Authorities in China found coronavirus on the packaging and in the container of frozen shrimps imported from three Ecuadorean companies. However, samples from the seafood itself and the interior of the packaging tested negative, said Bi Kexin, director general of the Import and Export Food Safety Bureau under China’s General Administration of Customs.
In Beijing, he said that out of the almost 223,000 samples taken from imported frozen food, the interior and exterior of the packing and the surroundings, six Covid-19 samples came out positive. However, this does not mean that the virus can be transmitted via food packaging, reported SCMP.
“The results show that the container and the packaging of these companies are under the risk of becoming contaminated by the novel coronavirus,” Bi said.
“Experts said that while this does not mean they can transmit the virus, it shows that the management of food safety is not ideal.”
While Chinese officials have agreed with global experts that imported food poses a low risk of transmitting the virus, there has been confusion overseas over why China is continuing to test and halt shipments, according to The Straits Times.
The tests are “an important measure to prevent the risk of the virus being transmitted from imported cold chain food channels”, Bi said.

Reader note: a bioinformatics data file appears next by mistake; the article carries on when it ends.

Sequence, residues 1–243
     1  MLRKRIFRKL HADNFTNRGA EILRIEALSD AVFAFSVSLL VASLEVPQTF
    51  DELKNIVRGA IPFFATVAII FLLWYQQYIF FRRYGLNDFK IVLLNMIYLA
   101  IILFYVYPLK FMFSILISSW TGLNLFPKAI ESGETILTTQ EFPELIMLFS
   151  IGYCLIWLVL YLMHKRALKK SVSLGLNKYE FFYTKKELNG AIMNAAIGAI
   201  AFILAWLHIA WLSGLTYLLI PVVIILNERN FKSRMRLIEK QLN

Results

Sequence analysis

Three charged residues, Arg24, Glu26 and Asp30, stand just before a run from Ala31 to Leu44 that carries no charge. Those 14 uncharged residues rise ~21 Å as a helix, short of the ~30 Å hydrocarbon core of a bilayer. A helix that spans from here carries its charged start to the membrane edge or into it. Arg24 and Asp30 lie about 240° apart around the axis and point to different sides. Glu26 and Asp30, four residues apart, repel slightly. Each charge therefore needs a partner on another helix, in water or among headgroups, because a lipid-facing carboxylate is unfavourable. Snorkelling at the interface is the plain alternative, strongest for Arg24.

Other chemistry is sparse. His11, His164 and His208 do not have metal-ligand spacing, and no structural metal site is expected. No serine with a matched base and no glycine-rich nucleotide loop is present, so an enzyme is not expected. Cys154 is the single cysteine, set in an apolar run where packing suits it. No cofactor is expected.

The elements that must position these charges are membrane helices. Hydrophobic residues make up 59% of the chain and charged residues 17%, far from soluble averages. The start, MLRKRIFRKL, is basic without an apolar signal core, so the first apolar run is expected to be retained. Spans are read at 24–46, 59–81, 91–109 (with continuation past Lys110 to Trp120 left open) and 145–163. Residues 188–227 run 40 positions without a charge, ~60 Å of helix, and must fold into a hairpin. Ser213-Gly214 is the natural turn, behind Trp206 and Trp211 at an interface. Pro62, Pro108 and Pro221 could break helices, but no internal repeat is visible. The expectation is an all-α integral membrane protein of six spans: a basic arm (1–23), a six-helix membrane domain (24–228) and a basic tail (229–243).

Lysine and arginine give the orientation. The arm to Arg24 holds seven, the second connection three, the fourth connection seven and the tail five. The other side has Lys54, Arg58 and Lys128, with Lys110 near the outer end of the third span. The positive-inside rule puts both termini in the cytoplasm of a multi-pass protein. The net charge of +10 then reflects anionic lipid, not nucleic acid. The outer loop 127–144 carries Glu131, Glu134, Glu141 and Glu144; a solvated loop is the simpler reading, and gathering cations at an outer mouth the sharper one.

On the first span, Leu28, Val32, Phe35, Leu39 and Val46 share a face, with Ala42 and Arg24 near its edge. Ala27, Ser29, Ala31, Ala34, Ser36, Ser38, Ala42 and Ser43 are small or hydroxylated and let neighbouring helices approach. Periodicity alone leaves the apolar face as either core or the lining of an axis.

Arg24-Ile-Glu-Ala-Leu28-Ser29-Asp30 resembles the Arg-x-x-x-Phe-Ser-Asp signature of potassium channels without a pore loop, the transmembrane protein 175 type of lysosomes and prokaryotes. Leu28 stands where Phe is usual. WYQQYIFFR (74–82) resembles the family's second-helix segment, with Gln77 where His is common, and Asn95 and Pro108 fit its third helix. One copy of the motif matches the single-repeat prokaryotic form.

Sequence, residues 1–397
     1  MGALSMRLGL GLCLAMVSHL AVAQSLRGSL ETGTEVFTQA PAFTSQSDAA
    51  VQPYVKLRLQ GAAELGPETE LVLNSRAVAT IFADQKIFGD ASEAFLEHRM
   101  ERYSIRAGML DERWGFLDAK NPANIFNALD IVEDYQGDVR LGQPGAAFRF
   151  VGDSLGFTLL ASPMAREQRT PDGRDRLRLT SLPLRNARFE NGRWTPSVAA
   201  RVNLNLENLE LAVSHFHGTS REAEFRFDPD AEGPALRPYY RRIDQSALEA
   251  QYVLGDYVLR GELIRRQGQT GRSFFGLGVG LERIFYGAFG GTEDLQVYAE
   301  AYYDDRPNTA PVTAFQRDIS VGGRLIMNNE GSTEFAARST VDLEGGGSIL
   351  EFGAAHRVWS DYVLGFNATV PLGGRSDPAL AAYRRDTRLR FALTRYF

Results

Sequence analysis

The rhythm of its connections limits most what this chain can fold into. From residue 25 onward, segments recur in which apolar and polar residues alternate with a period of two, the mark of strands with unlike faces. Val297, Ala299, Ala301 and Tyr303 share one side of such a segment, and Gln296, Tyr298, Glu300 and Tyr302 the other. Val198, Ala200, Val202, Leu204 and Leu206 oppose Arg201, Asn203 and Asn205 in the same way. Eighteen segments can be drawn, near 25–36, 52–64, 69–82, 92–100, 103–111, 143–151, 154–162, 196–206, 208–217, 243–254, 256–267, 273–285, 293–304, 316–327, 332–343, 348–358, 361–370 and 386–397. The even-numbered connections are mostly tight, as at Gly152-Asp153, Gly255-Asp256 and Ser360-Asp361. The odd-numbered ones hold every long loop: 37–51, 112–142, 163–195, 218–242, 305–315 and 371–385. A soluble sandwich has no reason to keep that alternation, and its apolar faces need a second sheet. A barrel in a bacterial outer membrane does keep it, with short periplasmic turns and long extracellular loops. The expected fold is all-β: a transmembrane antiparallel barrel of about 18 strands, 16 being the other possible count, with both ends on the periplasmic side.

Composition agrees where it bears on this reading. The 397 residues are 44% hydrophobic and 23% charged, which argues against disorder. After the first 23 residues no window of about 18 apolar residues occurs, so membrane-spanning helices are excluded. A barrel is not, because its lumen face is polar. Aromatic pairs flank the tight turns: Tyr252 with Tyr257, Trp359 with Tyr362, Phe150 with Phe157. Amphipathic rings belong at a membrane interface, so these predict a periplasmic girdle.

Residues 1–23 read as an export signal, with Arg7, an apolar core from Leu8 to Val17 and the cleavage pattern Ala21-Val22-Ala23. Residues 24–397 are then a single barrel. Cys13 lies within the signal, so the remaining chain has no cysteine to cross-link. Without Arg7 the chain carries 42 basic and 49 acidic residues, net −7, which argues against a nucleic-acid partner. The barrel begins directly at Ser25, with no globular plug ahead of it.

“This is a necessary measure taken to protect the health of the people and does not interrupt normal international trade.”
Tests on imported food have been conducted more frequently after there was a resurgence of Covid-19 cases in Beijing in mid-June. The source of the infection was said to have come from a food market where the virus was found on a cutting board used for imported salmon. But experts have revealed that the fish itself was unlikely to carry the virus.
The import of food from the three Ecuadorean companies has since been suspended by Chinese customs and the food that was seized will either be returned on destroyed. The Ecuadoren authorities have also been urged to step up its control of frozen food exported to China.
As of 7 July, about 60,000 food samples from places including Zhejiang, Yunnan, Henan and Shandong provinces and the Ningxia Hui autonomous region had all been tested and found negative, according to Li Ning, the deputy director of China’s National Centre for Food Safety Risk Assessment.
“Overall, the likelihood of food being contaminated by the novel coronavirus remains very small. Food could be contaminated by the virus if it was present in the surroundings or carried by the staff handling the food,” she said.
“Staff members must not go to work if they had symptoms such as fever, coughing and fatigue.”
Li Ning also adds that “food processing facilities and retail stores should strengthen their hygiene measures to prevent infections” and that consumers should ensure that food ingredients are clean and thoroughly cooked to kill the coronavirus and other pathogenic microorganisms.
So, to answer the question – coronavirus cannot be transmitted via food packaging, but food companies definitely need to step up their hygiene protocols.
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